Angela Hewitt in Concert
Friday, February 12, 2010 at 8pm, Roy Thomson Hall
60 Simcoe Street, Toronto
On May 10, 1985, pianist Angela Hewitt stepped out on stage at the 1st and only ever Toronto International Bach Piano Competition for her own-choice virtuoso piece, knowing her career was virtually in the balance. While she wasn't available for an interview, understandably, she does like to share with her fans and fellow music/Bach enthusiasts online in various forms, including her own website, and in an online post reminiscing about the win, she says,
For ten years, since the age of 16, I had been on the international piano competition circuit, winning many prizes but lacking the “big one”. Winning this would, I knew, launch me worldwide and put an end to competitions for life.
She launched into a version of Liszt’s “Aprės une Lecture de Dante” that left the competition behind, and a jury that included pianist Leon Fleisher, composer Olivier Messiaen and his pianist wife, Yvonne Loriod, and Russian composer Rodion Shchedrin awarded her first place. As she had judged, it launched an enviable professional career of concerts, collaborations and recordings. Enviable - but nonetheless a life she took on with a sense of responsibility.
And I say “the door had been opened” because in fact that is all it is. An immense opportunity to then build a life with music: to keep showing time after time that you were worthy of it; that you can continue to grow as a person and as a pianist; that you can withstand constant, enormous pressure; that you have the repertoire to sustain 100 concerts a year; that you can put up with constant travelling and never being at home.But that after 25 years of doing so, you can still get up on stage and feel the freshness of a piece you have played all your life and play it with all your heart.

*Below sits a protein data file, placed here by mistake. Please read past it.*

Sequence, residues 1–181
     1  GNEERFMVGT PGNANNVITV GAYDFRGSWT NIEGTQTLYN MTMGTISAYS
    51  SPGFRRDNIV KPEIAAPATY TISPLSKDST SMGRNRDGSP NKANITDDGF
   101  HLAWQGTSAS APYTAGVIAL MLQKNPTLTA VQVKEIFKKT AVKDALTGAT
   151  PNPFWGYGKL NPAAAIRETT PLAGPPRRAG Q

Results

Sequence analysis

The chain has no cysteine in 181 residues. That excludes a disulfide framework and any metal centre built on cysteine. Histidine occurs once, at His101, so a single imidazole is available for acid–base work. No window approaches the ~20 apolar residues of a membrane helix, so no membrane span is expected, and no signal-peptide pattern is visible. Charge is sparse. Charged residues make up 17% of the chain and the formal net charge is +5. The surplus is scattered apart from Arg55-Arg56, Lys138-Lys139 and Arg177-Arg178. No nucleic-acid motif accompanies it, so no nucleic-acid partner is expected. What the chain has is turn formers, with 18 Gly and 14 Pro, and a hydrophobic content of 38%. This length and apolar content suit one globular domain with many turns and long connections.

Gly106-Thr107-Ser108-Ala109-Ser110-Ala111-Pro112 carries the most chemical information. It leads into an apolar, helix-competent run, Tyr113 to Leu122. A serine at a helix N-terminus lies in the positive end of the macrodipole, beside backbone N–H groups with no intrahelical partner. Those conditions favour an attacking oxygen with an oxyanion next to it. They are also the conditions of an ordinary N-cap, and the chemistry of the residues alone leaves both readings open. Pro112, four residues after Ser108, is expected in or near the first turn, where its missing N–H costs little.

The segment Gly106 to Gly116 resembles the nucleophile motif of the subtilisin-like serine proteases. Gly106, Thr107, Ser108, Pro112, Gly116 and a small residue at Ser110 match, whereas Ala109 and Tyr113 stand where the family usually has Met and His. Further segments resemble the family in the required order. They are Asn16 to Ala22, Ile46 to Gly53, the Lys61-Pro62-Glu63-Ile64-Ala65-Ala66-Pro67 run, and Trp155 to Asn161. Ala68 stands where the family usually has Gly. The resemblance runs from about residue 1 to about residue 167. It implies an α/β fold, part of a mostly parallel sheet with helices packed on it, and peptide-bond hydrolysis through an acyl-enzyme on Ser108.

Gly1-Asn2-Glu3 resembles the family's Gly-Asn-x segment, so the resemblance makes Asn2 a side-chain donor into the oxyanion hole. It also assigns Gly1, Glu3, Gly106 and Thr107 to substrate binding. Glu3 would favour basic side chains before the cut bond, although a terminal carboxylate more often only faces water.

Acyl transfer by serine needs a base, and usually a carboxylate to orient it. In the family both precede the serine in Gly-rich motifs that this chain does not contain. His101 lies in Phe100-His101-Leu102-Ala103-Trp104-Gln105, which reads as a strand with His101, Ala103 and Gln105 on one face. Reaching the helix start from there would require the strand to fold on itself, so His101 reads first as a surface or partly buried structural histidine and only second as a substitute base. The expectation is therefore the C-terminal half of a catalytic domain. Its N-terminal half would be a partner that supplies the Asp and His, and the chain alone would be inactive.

On February 12, at that same Roy Thomson Hall, Hewitt reprises the programme that won the prize, including Bach’s Italian Concerto; Beethoven’s Sonata in D major, Op. 10 No. 3; and Brahms’s Sonata in F minor, Op. 5. Her current tour has seen her play Carnegie Hall (February 6). That concert ended her tour with the celebrated Orpheus Chamber Orchestra, and she'll cross the continent to Oregon later this month before heading back to Europe.
Ms Hewitt grew up in Ottawa, born into a musical family that included a father who was a church organist. Her own musical involvement began early, at age 3, and she gave her first solo recital at Toronto's Royal Conservatory of Music at the tender age of 9.
In 1994, well established in her professional life, she set out to record Bach's complete Well-Tempered Clavier, an undertaking whose results are available on Hyperion Records, and one that took her 11 years. The results were immediately acclaimed as the new gold standard for Bach on the keyboard - described as “one of the record glories of our age” by The Sunday Times. She was Gramophone's Artist of the Year in 2006 not for Bach, but a recording of Beethoven Piano Sonatas.
In 2007 she took WTC on the road, a long road that took her from Colombia to South Africa, playing an exhausting repertoire of both books in full over two concerts on two consecutive days. Indeed, if you read a few of the reviews here and there, the only complaint seems to be the amount of time the reviewer had to spend sitting on his duff while Ms Hewitt played. You can check a taste of it out yourself here Live from Bridgewater Hall in Manchester, U.K. in June 2008 as part of her Bach world tour. In 2008, after 58 cities on 6 continents, the tour ended, and she recorded a new version of the Well-Tempered Clavier to universal accolades.
Ms Hewitt recently won Artist of the Year - Instrumentalist at the 2010 MIDEM Awards. Nowadays she lives in London, with homes in both Ottawa and sunny Italy, where every year she runs the Trasimeno Music Festival.
You can read the rest of Angela's reminsces on her 1985 win at this link. The evening - on the 12th - should prove sublime.